It was notable how concerned Canadian Chinese Vancouverites are about this difficult issue, and how optimistic and imaginative some of their solutions are. Many in this community, such as Susie Joe Dooner, expressed grave concern about the exodus of gifted young people they have seen—their own friends and family leaving their home city and province in despair of having a future here.

And it was this community which also expressed concern that our local real estate and development industry bears some responsibility for its aggressive marketing to foreign investors. Some cautioned that the scale of the potential market poses real hazards to a small city like Vancouver.

It is profoundly inaccurate to represent the public reservation about unregulated international capital in our housing market as having a racial bias, when the concern is universal.

Read the full letter over at the Courier.

I wonder why we don’t have a foreign owner property tax structure like Florida and other places that charge a premium to non-resident owners (regardless of what their race or country of residence is).  It would raise more money to pay for city expenses, take some of the tax burden off residents and best of all the only people who would complain about it can’t vote!

Bank offers you should not accept

Many Franks pointed out this article in the Financial Post, which offers a flipside view to yesterdays “do whatever it takes to scrape up 5%” article.

It has a real simple message: Banks exist to make money.  That includes making offers that sound good but may not be in your best interest.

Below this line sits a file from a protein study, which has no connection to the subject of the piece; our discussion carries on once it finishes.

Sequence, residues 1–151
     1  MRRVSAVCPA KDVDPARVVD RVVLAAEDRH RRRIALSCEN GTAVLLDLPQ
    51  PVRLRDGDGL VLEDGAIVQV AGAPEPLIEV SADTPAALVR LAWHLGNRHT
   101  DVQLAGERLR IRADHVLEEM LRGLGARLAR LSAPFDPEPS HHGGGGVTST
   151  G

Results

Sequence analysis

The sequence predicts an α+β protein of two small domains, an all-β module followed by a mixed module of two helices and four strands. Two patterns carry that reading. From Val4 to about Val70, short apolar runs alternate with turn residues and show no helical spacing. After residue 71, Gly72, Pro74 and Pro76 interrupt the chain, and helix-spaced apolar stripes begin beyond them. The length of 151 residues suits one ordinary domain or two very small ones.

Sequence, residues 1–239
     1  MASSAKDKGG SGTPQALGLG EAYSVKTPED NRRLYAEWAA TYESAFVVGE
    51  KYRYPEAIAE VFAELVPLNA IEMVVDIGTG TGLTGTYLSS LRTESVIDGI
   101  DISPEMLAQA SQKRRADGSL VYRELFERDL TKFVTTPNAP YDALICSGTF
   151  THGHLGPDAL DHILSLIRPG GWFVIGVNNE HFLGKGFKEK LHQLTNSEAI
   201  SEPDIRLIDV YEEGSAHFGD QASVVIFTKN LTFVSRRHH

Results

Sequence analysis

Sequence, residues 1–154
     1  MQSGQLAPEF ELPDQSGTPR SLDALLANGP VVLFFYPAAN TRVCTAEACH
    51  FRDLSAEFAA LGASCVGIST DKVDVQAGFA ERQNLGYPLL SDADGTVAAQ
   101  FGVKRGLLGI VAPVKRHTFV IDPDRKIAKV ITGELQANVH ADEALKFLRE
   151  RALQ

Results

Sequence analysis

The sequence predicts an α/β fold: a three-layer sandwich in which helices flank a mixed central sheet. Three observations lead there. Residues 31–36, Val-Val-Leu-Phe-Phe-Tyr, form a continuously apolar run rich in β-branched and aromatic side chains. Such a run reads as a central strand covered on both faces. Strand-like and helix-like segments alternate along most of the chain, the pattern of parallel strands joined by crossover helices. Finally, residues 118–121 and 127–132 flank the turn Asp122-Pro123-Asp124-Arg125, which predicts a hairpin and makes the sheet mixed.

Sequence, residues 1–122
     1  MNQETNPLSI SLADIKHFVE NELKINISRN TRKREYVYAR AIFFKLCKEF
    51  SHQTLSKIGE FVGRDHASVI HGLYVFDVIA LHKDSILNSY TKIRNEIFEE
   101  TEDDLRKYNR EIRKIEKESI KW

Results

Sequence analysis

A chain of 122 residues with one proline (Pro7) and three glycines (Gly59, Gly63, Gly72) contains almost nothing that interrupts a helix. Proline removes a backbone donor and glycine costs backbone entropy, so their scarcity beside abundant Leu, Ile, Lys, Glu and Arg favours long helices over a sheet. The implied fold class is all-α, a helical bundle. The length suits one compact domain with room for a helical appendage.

While many people want to blame the banks or the government for Canadas alarming consumer debt problem, theres only one person who is truly to blame: the consumer.  Sign yourself up for a suckers deal and you have only yourself to blame.

While some bank chief executives have put it on themselves to tighten their own lending rules, others continue to look to Ottawa to take the lead.

In the interim, all you have to do is walk into a branch, grab some pamphlets and you will see an array of offers that could get you into even more debt trouble.

One of my favourites is the cash-back mortgage. It is offered to a varying degree by most of the major banks, so there is no point in picking on any one institution.

Here’s the offer: Take out a mortgage for more than five years and get 5% of the value of the mortgage up front to a maximum of $25,000. In other words, get a $500,000 loan and immediately get $25,000 back. “It’s great for first-time buyers,” we’re told.

Really? If the loan is at the posted rate of 5.44%, which it usually is for these types of mortgages, you could easily land into more debt trouble long term.

Another deal tries to lure me over to a new bank with an offer of 2% cash up front, or up to $4,000 on $200,000 if I switch to the financial institution. But what about the costs to break my existing mortgage, and is there really any point in switching products to get that cash right away if I’m going to end up with a higher rate and a less-flexible mortgage?

“Somebody is going to pay for it,” says Kelvin Mangaroo, president of RateSupermarket.ca, about the cost of the promises. “Sometimes there is more fine print than the actual offer.”

Check out full article here.

What do you think, do we need more consumer protection to protect consumers from themselves?